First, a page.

A conversation about...

The value of MP practice visits and the need for locally commissioned MECS

Amit Kara, optometrist and partner at Specsavers Watford, and Russell Dean, MP for Watford, discuss the need for enhanced commissioning in optometry and the benefit of MP practice visits

Dean Russell is wearing a dark blue suit and speaking to someone to the right of the camera lens


Amit Kara

Occupation:Optometrist and partner, Specsavers Watford



Dean Russell MP

Occupation:MP for Watford


What value do you hope to get out of today’s visit?

Amit Kara (AK): Being locally run and operated, the main value is in showcasing what we do in the town of Watford. The MP gets to see what we do as an employer, gets to see how we look after people’s sight and hearing firsthand, and also how operations run.

On the face of it, someone might see an optical practice but not know the behind the scenes of what we do in terms of care, referrals, or looking after eye health. It’s useful to be able to communicate with people who can make or influence change.

Dean Russell MP (DR): The purpose of these visits is that often you get told things that you’re not aware of. You get a real sense of the reality of issues, and the good stuff as well, which you wouldn't normally be told about.

It’s important for anyone who is in a role that requires making decisions, about the country or on local issues, to meet as many people as they can. It has been great to visit Specsavers. They are a really important part of our High Street. Chatting to the team here, I can see the passion that is brought into the role and into the work that they do.

But also, what is really at the heart of this is the community. Eyes and ears are so important to us. Especially for people who are at a vulnerable point, being able to come in and hear a friendly voice and see a friendly face that can help and advise them, is essential.

There are organisations on the High Street and in our towns and cities that are playing a vital role, and we can sometimes take them for granted. What is so important, coming on visits like this, is getting to see the brilliant work that is being done. Many optometrists have a close relationship to patients and to their customers, and I think that really has come across today.

Could you tell us about the lack of commissioned MECS in the area?

AK: One of our biggest barriers, and it was nice that we got to raise during the MP visit, is the lack of a Minor Eye Conditions Service (MECS). Not being able to offer the service, although we have the facilities and the equipment and the staff who have already got the accreditation to do so, seems like a barrier that is not needed. In the eyes of the patient, it's just another restriction to not be able to come and see us, and an inconvenience for them to go to hospital or secondary care, which is not always necessary.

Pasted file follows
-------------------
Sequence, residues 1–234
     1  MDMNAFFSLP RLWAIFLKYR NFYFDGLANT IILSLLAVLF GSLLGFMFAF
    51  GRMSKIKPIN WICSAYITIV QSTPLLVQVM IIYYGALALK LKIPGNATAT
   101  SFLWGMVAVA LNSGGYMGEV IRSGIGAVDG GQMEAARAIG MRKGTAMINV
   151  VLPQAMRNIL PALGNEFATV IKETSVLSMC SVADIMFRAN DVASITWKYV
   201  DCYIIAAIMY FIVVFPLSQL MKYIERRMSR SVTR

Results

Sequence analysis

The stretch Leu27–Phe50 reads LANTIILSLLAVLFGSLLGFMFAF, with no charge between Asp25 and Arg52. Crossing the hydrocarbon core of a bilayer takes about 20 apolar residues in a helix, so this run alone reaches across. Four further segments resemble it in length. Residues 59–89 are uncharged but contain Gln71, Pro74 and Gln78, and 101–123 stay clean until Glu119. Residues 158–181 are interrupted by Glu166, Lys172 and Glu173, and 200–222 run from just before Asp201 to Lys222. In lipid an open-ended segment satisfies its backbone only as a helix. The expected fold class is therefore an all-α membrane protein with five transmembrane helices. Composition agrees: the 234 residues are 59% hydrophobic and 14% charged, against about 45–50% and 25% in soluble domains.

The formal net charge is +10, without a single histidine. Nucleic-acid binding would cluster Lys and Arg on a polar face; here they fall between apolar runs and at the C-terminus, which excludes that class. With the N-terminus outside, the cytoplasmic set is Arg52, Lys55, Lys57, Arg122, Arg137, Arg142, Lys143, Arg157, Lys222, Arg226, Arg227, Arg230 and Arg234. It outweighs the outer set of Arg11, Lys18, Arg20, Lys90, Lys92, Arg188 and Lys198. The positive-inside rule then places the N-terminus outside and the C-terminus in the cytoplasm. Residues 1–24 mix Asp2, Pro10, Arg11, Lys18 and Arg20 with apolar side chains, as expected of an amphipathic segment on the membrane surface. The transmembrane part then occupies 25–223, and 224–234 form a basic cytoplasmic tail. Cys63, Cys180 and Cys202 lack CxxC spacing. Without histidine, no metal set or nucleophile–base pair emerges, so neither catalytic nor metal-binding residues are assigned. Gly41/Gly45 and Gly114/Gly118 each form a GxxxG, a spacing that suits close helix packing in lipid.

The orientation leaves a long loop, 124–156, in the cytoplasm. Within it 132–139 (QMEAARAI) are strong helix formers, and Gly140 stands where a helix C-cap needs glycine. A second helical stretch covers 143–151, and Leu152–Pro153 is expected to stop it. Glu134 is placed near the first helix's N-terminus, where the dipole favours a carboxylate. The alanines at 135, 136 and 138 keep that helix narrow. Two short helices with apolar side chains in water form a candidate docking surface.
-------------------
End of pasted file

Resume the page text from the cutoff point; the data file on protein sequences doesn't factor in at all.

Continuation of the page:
We have expanded the practice recently, so we have the facilities to provide MECS – physical space, but also equipment. It’s a shame that there are a few barriers that are out of our control.

DR: I was aware [of the issues in commissioning], but I wouldn’t want to be tested [on the detail]. I have been doing a lot more on the pharmacy side, so it would be good to find out more and look at the optometry side. I am always keen to make sure those people who are embedded in our community have a voice, but also are supported in making sure that they can do what they do best, which is helping the community.

AK: We have piloted MECS in our previous stores, from scratch. We moved from East London, and in those stores, where there wasn't a contract, we piloted it and worked on what it might look like. Patients came in, enjoyed the service, and found it a lot more convenient. It saved a lot of money. We use that as an example.

The case is there, in the eyes of the patients. If it’s more convenient and easier for them, we’re less likely to miss things that might need acute care. If we can look after them in a more straightforward way, during an eye test in a High Street practice, we’re helping the longer-term picture of a patient not taking up a hospital space where someone with more urgent needs could be seen. There’s a bigger picture here: in the hospital, other patients are missing out.

I am always keen to make sure those people who are embedded in our community have a voice, but also are supported in making sure that they can do what they do best

Dean Russell, MP for Watford

What is your one hope for the near future when it comes to eye care?

AK: Technology is always changing. Through technology we should be able to communicate in a better way to hospitals, whether that be through our referral pathway, through our scans, or our measurements. If we can have a more transparent communication method, I believe that patient care is going to be better.

DR: Being able to make sure that people can avoid future issues with their eyes is essential. During this practice visit, I was fortunate to use one of the machines and have my own eyes tested. That highlights that technology has moved on within practices like this, to be able to look deep into the eye and identify issues that perhaps aren't even eye health related. There might be something deeper that can be predicted, much further in advance. There is technology in terms of people who have got visual impairments, but we want to avoid that for those who can avoid it, and make sure we can spot the issues before they become a problem for somebody.

The AOP can support practitioners who would like to host their local MP in practice. Get in touch: [email protected]